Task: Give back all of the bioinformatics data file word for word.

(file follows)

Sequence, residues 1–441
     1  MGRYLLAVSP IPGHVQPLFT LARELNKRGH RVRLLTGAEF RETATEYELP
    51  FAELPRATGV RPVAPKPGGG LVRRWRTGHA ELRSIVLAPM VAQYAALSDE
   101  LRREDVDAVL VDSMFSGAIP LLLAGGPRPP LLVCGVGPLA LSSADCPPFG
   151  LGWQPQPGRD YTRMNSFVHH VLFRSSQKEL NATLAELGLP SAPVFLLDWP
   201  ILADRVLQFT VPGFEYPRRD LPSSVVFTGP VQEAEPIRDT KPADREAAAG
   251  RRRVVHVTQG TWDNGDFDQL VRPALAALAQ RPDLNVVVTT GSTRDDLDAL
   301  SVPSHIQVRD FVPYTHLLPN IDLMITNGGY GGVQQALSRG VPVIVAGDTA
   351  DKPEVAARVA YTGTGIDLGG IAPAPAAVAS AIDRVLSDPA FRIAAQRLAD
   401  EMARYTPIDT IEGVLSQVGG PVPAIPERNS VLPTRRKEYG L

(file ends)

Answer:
Sequence, residues 1–441
     1  MGRYLLAVSP IPGHVQPLFT LARELNKRGH RVRLLTGAEF RETATEYELP
    51  FAELPRATGV RPVAPKPGGG LVRRWRTGHA ELRSIVLAPM VAQYAALSDE
   101  LRREDVDAVL VDSMFSGAIP LLLAGGPRPP LLVCGVGPLA LSSADCPPFG
   151  LGWQPQPGRD YTRMNSFVHH VLFRSSQKEL NATLAELGLP SAPVFLLDWP
   201  ILADRVLQFT VPGFEYPRRD LPSSVVFTGP VQEAEPIRDT KPADREAAAG
   251  RRRVVHVTQG TWDNGDFDQL VRPALAALAQ RPDLNVVVTT GSTRDDLDAL
   301  SVPSHIQVRD FVPYTHLLPN IDLMITNGGY GGVQQALSRG VPVIVAGDTA
   351  DKPEVAARVA YTGTGIDLGG IAPAPAAVAS AIDRVLSDPA FRIAAQRLAD
   401  EMARYTPIDT IEGVLSQVGG PVPAIPERNS VLPTRRKEYG L